And in the 24 hours we have had her, she screeched all last night when she could not see me so I slept on the floor beside her so she felt safe. Since the babies have been born, when I reach out to pet her she puts her paw on top of my hand and falls asleep- she can rest knowing someone is there. She has needy moments of wanting her belly rubbed and head scratched, while my other cats were all too busy being moms to want attention for themselves. She still wants to be held and loved so she knows it is going to be ok.

How many moms do you know like Amber? Maybe they don’t have it “all together” and they yell too much or they aren’t “pulling their weight with the PTO”. Maybe they bring their kids to school in the same uniform shirt 3 days in a row and never make it to parent nights with all you “good mommies.”

Well, maybe just maybe those moms you were just judging need someone to show them. Someone to model parenting for them. Someone to be compassionate and understanding.

We take for granted that we have cars. Most moms don’t and the bus stops running at 5:15. No bus to go to the open house.

We take for granted that we have washing machines. Without cars, most moms have to load up the kids and the laundry and get on the bus. Oh that’s right….the bus does not run after 5:15 so she will walk to the laundromat.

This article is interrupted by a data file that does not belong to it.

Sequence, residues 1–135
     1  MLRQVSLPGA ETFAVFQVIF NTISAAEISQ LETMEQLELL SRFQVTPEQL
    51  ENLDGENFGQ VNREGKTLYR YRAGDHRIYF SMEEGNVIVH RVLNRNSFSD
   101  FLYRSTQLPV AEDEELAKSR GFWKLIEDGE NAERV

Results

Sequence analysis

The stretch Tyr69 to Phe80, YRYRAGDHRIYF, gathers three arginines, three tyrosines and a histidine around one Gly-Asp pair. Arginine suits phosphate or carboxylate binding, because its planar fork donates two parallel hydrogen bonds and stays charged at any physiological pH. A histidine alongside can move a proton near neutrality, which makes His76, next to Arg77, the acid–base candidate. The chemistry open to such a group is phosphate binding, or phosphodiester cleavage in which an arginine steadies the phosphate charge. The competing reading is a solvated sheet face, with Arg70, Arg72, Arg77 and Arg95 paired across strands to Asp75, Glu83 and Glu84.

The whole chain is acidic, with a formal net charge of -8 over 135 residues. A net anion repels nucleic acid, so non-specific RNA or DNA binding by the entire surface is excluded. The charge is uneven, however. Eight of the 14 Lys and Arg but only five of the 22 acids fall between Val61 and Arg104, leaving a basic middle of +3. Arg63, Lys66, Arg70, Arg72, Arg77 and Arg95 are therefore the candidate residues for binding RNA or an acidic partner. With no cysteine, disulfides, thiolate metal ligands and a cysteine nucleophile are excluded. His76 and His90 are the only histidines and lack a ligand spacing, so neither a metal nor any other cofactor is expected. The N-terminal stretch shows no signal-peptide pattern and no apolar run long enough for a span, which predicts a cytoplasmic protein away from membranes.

We take for granted that our parents did not introduce us to drugs as children. Most addicts I know were giving drugs BY THEIR PARENTS.  Usually starting at the age of 12. If you don’t believe me, I have many women who can tell you their stories.

We take for granted that we can get jobs. When a mom gives a kid a joint at 12, grades probably start to slip so by high school they are dropouts. Ever tried to get a job with a 9th grade education?

When a child gets into her mom’s cocaine supply at 14 because they are dealers and it is all over the house, she will probably be a full blown addict by 15 and start to steal to support the habit. Ever tried to get a house or apartment to rent with drug charges?

Many moms, like my cat Amber, are children themselves. Desperate for attention and acceptance. They want someone to share their victories with  (first place of their own, first legitimate driver’s license, first month clean). And to share their heartbreaks (bad news at court, relationship problems, not getting to see their children).

Why is it our nature to judge and reject? Because to have compassion might require something of us. It might make us tender and make us feel….and God will call us to rise up and be THE CHURCH.